Camp hopes to secure the future of shearing
Aboriginal youngsters will take part in a shearing and woolhandling training camp to discover new talent and reverse the shearing industry’s ageing workforce.
The Aboriginal corporation Mhunga Whalla, at Geraldton, is collaborating with the Department of Primary Industries and Regional Development’s Aboriginal Economic Development project function with funding support from Australian Wool Innovation to run the camp from January 6 to 17.
Agriculture and Food Minister Alannah MacTiernan said there was a dire need for new shearers across WA.
“We’re very proud to help support the labour shortages in the shearing industry by providing meaningful training and employment opportunities for young Aboriginal people in the Mid West,” she said.
“Camp graduates will be directly linked to local and regional shearing contractors for future employment opportunity after completion of the camp.”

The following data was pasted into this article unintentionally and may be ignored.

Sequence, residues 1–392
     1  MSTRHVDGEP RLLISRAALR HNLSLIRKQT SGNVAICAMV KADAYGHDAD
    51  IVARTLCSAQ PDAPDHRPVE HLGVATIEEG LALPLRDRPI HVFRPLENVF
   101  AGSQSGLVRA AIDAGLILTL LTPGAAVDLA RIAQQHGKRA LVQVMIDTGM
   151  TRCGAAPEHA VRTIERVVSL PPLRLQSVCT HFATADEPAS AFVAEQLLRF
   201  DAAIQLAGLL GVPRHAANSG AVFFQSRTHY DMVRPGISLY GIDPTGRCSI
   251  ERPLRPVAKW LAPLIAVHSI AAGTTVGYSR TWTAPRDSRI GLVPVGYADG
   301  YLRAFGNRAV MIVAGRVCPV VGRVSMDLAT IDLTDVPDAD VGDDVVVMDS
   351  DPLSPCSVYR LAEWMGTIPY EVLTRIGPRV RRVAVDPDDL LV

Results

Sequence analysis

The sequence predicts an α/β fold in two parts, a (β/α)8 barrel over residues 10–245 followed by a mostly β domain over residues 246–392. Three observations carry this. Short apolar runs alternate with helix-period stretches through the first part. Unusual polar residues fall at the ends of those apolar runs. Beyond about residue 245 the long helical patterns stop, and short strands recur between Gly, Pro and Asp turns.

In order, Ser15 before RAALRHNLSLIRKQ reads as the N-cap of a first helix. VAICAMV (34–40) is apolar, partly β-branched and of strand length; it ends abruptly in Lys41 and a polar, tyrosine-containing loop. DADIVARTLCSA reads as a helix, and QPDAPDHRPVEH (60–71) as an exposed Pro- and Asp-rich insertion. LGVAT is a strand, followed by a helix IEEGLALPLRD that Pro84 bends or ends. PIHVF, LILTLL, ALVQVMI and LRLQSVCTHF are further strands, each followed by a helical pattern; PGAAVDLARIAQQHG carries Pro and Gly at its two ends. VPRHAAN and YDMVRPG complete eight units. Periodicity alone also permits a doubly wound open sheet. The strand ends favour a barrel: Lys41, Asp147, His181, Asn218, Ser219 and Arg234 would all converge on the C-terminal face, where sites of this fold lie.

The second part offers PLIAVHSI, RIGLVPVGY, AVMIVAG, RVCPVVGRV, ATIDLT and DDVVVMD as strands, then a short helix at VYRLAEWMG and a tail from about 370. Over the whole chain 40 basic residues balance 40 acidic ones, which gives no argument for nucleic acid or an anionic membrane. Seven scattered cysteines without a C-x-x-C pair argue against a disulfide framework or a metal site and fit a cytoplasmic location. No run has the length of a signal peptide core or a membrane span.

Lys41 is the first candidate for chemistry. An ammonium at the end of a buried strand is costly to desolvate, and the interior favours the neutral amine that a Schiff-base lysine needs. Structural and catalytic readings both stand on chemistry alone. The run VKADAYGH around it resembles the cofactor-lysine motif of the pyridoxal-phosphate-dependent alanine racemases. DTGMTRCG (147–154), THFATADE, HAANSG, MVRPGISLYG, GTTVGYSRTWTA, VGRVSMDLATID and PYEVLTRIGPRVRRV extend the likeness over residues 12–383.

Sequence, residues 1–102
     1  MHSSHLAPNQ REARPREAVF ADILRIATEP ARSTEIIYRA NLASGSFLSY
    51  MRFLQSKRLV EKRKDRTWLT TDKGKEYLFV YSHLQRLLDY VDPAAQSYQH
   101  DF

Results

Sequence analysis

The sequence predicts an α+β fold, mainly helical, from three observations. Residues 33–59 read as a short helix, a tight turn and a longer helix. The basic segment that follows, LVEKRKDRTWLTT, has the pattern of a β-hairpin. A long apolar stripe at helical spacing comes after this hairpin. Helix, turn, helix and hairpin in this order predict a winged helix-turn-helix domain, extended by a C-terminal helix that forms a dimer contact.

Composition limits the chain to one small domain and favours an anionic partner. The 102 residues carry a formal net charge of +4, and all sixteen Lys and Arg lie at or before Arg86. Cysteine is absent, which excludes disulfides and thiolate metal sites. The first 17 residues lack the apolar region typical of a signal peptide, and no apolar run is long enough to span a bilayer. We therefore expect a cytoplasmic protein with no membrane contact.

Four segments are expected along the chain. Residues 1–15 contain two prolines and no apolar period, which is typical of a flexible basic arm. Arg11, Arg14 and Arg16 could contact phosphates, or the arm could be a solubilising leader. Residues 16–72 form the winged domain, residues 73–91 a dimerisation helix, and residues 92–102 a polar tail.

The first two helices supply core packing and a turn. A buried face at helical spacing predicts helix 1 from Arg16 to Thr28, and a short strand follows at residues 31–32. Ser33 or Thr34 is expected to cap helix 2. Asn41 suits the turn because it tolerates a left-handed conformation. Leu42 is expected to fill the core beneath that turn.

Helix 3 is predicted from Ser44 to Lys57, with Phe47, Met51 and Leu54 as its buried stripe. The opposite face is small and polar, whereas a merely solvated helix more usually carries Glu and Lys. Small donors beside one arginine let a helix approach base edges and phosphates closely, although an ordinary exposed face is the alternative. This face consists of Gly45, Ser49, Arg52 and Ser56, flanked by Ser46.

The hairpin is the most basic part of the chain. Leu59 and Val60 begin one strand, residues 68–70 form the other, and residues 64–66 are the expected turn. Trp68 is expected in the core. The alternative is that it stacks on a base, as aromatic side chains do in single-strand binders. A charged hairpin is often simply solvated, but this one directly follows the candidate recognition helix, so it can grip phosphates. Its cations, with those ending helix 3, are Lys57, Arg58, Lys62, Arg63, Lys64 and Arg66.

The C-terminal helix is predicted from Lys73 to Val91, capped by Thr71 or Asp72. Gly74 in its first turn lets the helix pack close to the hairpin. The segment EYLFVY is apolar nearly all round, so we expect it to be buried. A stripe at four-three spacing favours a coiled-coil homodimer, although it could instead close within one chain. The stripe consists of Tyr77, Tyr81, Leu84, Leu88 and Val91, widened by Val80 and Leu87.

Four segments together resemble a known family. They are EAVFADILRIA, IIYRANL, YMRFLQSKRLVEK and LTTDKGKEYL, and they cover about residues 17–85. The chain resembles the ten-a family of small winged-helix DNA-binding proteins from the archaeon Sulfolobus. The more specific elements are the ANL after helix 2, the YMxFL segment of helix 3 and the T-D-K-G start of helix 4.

DPIRD principle business development officer Ashley Talbot said the camp would encourage new entrants into the shearing industry and support training opportunities for young people in the Mid West.
“It is beneficial to the shearing industry that the camp takes place to work with Aboriginal youth who have natural talent and are excellent with animals,” he said.
“The shearing industry is an ageing workforce and needs to bring through new talent.”
Mr Talbot said the project would involve a group of up to 20 young people undertaking a classroom induction program.
“From there, a small number of participants will be involved in shearing training at a shearing shed on a farm north of Geraldton,” he said.
“AWI has provided funding for two accredited WA shearing trainers for the camp and a number of local businesses have also provided their support.”
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